Schools speech and language scheme launched worth over €2m
Pilot programme a joint endeavour by HSE and Department of Education to boost supports
Early therapeutic intervention, especially in the area of speech and language, can have significant positive effects on a child’s social skills, mental health and academic performance. File photograph: Getty Images
An ambitious plan to introduce specialised therapeutic services into schools for the first time has been launched by the Government.
Phase one of the project, a joint initiative between the Department of Education and the Health Service Executive, will mean 150 schools and pre-schools receive in-house speech and language and occupational therapy services.
Nineteen speech and language therapists and 12 occupational therapists are to be recruited as part of the pilot programme which has received €2.25 million in funding. Each therapist will support a cluster of schools.
The pilot scheme will test how early intervention and specialised therapeutic supports can be integrated into the education system, rather than taking place in a separate forum outside of schools.
“This model will bring together therapists and educational professionals who have until now often operated separately,” said Minister for Education Richard.
“It will allow them to work together to plan, collaborate, and share their professional knowledge and expertise. The project will allow therapists to use their time more efficiently to support greater numbers of pupils in school environments, where there are often large concentrations of need.”
The pilot is to be rolled out in HSE Community Healthcare Organisation Region 7 which includes West Dublin, Kildare, and West Wicklow. It will take place over the 2018-2019 school year.
Schools in those areas will be invited to take part on a voluntary basis. The department said it selected the region because it will allow the project to be tested in urban and rural schools.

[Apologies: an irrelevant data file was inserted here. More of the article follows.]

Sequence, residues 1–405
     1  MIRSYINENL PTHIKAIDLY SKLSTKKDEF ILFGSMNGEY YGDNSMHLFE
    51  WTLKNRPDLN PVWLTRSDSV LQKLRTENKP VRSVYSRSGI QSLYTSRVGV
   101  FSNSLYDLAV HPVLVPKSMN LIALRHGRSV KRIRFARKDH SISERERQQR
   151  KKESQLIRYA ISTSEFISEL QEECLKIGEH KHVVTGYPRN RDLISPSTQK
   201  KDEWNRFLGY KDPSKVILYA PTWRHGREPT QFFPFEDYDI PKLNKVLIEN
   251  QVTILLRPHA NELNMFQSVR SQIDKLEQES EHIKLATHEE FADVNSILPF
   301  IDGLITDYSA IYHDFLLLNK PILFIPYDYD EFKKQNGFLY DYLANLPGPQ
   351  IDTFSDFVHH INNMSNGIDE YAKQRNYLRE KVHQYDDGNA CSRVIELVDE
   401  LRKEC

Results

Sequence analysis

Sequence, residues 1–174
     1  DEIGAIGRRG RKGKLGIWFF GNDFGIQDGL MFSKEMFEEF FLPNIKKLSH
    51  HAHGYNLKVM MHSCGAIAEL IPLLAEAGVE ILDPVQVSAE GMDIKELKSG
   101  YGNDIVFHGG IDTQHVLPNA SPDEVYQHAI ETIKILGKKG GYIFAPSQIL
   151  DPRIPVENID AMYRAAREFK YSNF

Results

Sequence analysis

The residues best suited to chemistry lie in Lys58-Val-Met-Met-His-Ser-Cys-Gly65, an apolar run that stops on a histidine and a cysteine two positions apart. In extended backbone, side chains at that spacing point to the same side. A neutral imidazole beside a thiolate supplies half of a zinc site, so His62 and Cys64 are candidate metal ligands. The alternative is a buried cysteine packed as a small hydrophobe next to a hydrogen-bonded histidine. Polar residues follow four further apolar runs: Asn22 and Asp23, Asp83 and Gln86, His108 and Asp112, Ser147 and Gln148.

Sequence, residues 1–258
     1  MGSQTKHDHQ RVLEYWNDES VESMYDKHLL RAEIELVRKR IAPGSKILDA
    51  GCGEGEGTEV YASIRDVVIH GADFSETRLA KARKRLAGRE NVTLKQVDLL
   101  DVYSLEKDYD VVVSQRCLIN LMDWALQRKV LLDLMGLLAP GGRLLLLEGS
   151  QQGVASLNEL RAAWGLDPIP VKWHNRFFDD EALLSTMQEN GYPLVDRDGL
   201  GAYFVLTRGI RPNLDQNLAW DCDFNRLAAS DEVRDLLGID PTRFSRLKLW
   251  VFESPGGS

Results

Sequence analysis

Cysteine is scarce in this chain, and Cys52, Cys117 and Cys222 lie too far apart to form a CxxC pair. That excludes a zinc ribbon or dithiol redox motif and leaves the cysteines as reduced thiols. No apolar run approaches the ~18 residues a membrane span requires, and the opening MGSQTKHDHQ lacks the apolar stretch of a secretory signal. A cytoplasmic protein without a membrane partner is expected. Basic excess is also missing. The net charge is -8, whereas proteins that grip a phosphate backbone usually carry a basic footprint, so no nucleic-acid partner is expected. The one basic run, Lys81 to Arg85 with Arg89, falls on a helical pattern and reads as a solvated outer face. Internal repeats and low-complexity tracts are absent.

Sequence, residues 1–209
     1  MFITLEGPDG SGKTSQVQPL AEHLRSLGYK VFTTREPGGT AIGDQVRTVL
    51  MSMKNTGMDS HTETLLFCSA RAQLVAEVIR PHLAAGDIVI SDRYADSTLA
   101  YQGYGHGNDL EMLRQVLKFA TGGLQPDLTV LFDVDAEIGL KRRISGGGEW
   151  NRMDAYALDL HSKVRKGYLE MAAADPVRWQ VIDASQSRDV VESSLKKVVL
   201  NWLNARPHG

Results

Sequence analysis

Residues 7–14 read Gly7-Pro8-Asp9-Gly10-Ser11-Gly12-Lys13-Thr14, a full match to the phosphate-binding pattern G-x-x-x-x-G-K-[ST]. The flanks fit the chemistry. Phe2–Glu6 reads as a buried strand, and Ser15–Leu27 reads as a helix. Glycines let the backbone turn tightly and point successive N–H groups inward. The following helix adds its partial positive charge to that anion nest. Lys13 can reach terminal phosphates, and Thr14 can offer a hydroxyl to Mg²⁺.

The department said it has selected a broad range of schools to give a representative sample of the entire educational system, including educationally disadvantaged schools and those with significant therapy support needs.
The project will be managed and co-ordinated by the National Council for Special Education.
Establishing links and collaborative systems between therapists, parents, teachers and other schools staff will be a focus of the project.
It will also provide training and guidance in supporting therapy and developmental needs. Involving parents in their children’s speech and language development will be another dimension to the project.
At the end of the school year the project will be evaluated ahead of a potential national roll-out.
Early therapeutic intervention, especially in the area of speech and language, can have significant positive effects on a child’s social skills, mental health and academic performance.
“The development of children’s speech and language capabilities is clearly linked to their capacity to develop literacy skills, and thus to access the curriculum. That is why we seek to address these issues at the earliest possible point and intervene early,” Mr Bruton said.
Minister for Children Katherine Zappone said “the project will test a practical and innovative approach to ensuring that both universal and targeted therapeutic supports are available in children’s early years”.